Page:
Tracy Parish

Scenarios can resonate well when you blend in true stories and experiences. Rather than putting together a scenario story from scratch, first talk to your SMEs (and even audience members for your project, if you can) and ask for real stories related to your content. In particular, find out what common challenges are associated with that content and where people typically make mistakes. Then use that information to craft a scenario that feels true to the lived experience of your audience and actually highlights the difficulties they really face.

Bianca Woods

Any scenario must immerse the learner into an authentic experience. You will only be able to create that experience if you are able to accurately identify how employees are using the content to support their real-life performance. Getting this information is not easy because many experts no longer notice the nuances of what they do and how they make decisions. You’ll have to ask several questions, and often the same question in different ways, to get the answers you need. See yourself as an investigative reporter or documentary filmmaker. You’ll know you’ve arrived when you can see the world through their eyes. Build scenarios from that perspective.

Hadiya Nuriddin

11. Collaborate with your actual learners

Make it real! Too often, training scenarios are very basic or just plain unrealistic. This can happen when L&D pros, who don’t do the job every day, create the scenario on their own, or rely too heavily on subject matter experts, who also don’t tend to be on the frontlines. Before building a scenario, speak with the people who typically encounter similar situations. Gather context and nuance from their real-world stories. This will help you create a more realistic and impactful challenge.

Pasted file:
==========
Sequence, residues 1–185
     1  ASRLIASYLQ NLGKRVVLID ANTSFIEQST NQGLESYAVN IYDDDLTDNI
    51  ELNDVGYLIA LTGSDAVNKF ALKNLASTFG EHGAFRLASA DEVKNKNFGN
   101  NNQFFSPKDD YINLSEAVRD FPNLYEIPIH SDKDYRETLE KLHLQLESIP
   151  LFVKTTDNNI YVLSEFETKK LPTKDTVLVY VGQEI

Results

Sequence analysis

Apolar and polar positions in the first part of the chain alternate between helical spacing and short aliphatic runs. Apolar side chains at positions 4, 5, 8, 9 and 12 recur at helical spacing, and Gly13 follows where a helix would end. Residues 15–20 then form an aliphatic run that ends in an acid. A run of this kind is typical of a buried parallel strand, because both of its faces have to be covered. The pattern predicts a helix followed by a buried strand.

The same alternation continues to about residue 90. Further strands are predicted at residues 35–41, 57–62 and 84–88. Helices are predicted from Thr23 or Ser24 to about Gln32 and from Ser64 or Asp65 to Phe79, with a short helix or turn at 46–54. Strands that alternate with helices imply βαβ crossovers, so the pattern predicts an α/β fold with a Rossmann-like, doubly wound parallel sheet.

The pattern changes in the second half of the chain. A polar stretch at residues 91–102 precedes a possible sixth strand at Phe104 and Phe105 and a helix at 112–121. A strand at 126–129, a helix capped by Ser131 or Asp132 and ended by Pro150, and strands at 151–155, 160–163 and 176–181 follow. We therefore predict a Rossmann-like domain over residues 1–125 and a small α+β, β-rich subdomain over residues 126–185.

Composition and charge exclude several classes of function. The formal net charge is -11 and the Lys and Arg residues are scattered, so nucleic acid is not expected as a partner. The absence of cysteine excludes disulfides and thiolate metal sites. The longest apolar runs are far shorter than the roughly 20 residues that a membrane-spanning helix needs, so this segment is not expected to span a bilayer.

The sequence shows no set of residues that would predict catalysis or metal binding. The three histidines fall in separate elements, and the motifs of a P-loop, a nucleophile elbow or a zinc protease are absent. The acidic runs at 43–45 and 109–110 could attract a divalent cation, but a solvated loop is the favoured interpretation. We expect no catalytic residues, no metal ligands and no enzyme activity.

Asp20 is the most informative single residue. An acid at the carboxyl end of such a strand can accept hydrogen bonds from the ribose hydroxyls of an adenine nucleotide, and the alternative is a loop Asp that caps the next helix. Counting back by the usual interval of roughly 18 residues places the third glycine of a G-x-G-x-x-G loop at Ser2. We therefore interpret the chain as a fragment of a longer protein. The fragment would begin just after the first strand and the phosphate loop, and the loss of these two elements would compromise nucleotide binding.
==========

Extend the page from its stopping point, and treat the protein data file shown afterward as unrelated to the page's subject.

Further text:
JD Dillon

Workshop scenarios with everyone the workflow touches at all steps, from go to whoa—that’s where the gold is. Find out all the actions taken in current workflows, or brainstorm anticipated actions in new workflows, and prioritize them in order of “most likely to occur.” Build as many of them as you can into the learning, incorporating immediate feedback. Then get all those people—and some new, green people—back into testing and feedback loops until there are no gaps left.

Karen Moloney

Involve a subject matter enthusiast in the design and development of the scenario. Enthusiasts are individuals in an organization who are excited to share their experiences and knowledge but are not as far removed from the daily reality, or as challenged for time, as a Subject Matter Expert. It’s only by partnering with representative users that designers are able to craft great eLearning scenarios that are representative of real-world challenges, provide realistic consequences, and are set in a meaningful context. So, get some enthusiasts involved early in the design and keep them involved through development.